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« Assessing Capabilities | Main | Nanoscale Toolbox »

June 03, 2004

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jim moore

This report is capable of triggering the arms race that we fear. It was done in 6 months by a small group of people (extremely talented people). Imagine what can be done in five years with billions of dollars and thousands of people?

My color coded nano threat level has gone from blue to yellow.

Janessa Ravenwood

To quote Mr. Burns: "Excellent...it's all going according to my plan..." :-)

Kurt

Relax, its still 10 years before something like this will be physically implemented (vs. computer design).

Two points are relevant. One, exponential manufacturing does not require "dry" nanotech, al though such nanotech would be a much better version of it.

Two, you're correct that exponential manufacturing doesn't require bio-memetic techniques, although a biomemetic nanotech would be more useful for medical applications.

This is interesting stuff. But its a very preliminary conceptual design on a computer.

Does this mean that I get my artificial island in the Pacific soon (like the one I keep wanting for christmas)?

Chris Phoenix, CRN

Jim, Nanosystems (1992) was also capable of triggering the arms race that we both fear. This doesn't mean we should relax! It means that the arms race may already be going on covertly. Or at least that various players may already be preparing to jump into it.

CRN's assumption has always been that at least a few well-placed people in a variety of countries have read and understood Nanosystems.

I agree that this report will focus more attention on the feasibility of molecular manufacturing. I'm not sure if that's good or bad overall. It's another major blow to the denialists, which is good. It should raise public awareness of the possibilities, which is good.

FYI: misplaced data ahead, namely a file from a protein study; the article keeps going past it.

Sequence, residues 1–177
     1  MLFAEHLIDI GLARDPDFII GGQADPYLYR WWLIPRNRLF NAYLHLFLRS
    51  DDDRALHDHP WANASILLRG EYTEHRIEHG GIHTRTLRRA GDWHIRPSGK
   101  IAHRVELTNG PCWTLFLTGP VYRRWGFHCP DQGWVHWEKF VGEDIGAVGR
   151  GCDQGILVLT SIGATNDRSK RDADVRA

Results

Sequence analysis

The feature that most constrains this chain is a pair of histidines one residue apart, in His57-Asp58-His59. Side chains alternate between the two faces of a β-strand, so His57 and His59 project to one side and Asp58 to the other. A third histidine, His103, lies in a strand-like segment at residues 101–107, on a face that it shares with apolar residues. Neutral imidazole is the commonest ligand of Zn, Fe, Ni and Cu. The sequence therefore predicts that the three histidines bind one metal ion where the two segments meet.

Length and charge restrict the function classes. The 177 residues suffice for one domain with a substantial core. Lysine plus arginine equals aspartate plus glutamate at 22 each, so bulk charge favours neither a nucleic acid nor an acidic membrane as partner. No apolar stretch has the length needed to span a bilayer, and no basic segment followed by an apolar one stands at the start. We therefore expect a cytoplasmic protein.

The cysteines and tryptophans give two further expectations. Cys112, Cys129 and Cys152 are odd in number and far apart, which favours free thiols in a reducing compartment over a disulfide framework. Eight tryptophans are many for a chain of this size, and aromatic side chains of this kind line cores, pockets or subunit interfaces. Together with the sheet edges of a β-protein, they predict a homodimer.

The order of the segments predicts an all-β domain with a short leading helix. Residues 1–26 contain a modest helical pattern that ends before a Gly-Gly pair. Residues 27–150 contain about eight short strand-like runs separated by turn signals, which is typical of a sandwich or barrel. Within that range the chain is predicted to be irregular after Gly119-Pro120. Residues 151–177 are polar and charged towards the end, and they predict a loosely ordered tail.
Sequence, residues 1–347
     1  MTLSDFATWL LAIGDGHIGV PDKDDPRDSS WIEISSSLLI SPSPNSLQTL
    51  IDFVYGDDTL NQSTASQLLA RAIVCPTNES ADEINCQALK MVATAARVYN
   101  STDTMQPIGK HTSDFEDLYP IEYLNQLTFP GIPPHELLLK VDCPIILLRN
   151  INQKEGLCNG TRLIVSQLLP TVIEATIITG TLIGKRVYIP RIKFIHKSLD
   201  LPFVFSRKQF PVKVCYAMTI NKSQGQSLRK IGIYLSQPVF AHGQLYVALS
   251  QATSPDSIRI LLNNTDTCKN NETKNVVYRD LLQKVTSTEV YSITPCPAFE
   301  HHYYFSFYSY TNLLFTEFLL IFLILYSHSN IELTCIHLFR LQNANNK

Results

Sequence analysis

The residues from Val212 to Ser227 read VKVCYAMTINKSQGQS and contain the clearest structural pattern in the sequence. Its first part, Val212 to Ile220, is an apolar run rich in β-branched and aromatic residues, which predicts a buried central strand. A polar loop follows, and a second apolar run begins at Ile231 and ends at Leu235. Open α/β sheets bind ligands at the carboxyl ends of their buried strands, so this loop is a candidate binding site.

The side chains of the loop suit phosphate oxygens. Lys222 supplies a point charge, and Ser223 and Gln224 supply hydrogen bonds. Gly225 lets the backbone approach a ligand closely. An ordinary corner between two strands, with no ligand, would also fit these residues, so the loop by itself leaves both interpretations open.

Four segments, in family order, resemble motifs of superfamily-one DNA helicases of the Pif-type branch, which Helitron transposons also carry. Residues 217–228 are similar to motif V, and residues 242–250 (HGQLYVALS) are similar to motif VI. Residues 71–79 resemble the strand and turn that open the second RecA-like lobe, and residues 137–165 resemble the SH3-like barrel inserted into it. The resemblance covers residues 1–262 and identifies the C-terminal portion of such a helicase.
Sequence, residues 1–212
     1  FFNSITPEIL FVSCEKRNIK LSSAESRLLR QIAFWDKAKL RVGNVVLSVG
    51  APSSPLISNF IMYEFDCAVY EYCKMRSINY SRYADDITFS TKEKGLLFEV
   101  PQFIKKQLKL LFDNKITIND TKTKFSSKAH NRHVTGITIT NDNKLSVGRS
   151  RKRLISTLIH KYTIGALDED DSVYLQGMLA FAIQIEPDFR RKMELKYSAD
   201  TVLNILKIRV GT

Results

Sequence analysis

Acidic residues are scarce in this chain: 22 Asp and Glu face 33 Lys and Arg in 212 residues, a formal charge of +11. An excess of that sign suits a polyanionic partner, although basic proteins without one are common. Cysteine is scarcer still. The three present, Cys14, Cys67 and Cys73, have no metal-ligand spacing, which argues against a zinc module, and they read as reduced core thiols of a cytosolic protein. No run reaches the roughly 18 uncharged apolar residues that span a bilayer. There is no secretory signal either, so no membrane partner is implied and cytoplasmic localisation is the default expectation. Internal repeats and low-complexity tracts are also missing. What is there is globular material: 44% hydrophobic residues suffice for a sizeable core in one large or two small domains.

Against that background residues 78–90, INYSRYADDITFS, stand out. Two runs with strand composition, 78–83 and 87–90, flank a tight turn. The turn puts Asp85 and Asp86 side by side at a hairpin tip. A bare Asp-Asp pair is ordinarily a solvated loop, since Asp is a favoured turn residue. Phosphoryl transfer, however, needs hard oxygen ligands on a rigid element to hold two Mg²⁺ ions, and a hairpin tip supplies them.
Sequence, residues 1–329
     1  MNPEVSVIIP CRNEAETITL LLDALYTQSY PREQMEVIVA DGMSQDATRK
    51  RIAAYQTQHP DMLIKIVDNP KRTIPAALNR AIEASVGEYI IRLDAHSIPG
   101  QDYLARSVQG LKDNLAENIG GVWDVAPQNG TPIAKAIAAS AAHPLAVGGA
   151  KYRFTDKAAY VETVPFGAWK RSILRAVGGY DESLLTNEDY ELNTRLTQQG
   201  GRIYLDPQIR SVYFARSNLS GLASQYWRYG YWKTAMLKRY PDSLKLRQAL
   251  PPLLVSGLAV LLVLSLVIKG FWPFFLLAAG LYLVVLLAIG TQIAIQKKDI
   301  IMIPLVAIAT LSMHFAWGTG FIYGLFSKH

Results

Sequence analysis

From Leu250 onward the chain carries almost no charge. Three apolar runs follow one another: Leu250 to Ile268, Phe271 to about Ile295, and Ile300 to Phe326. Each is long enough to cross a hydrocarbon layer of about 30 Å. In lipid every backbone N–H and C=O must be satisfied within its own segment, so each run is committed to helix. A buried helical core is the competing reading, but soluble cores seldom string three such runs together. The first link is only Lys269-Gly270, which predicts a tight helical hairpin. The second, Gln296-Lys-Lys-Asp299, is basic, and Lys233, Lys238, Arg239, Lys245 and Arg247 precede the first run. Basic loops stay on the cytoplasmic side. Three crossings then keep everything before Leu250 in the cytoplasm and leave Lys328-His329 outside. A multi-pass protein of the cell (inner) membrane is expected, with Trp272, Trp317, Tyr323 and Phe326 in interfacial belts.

Will it get governments more interested, to the point of launching new and aggressive projects, which could be bad? I don't know; if I were a government I'd already have been interested. Nothing in the report should surprise people who've actually investigated autoproductive systems. It's valuable because it makes the theory more concrete and more accessible, converting theory and intutition to engineering.

I do completely agree with your point that it's a lot of results from a rather small effort, and indicates that things can happen faster and easier than we think. I've been saying this for a while. I would put my Nanofactory paper (one person, six months part-time, significant architectural advances) in the same category. Also, Freitas and Merkle's investigation of mechanosynthesis reactions. All of these are solid advances involving lots of creativity. But I don't think any of them needed world-class people--just smart people who expected molecular manufacturing to be possible, and approached it with a can-do engineering attitude rather than a bureaucratic/scientific skeptical attitude.

There are perhaps 100 comparable problems to be solved (20% theoretical and 80% practical), and each problem requires perhaps $1 million and 1 year (within half an order of magnitude), and most of them can be done in parallel. Does this imply that it could be done in 5 years for under $1 billion? I think it does. Does it imply that it's vastly easier than casual opinion suggests? I think it does.

Could someone reading Nanosystems or even Engines have realized this a long time ago? I think they could. I did. That's why I'm so worried about imminent surprises. A country without Smalley, Whitesides, and Ratner would find it easy to make these advances--in fact, could have made them years ago--and will continue to find it easier to research and develop MNT than it is in the U.S.

So I hope the report makes everyone's threat level go from blue to yellow; they should have been there already. And, maybe the yellow level will convince people to pay attention to the astonishing flood of enabling technologies in the last few years. Perhaps those should increment the threat by an additional color. Personally, when I think we're three years away, I'll go to orange. I'm not quite there yet, but close.

Chris

Kurt

These studies and reports are just that, theoretical speculation. I will be more impressed when some of these people make some actual systems.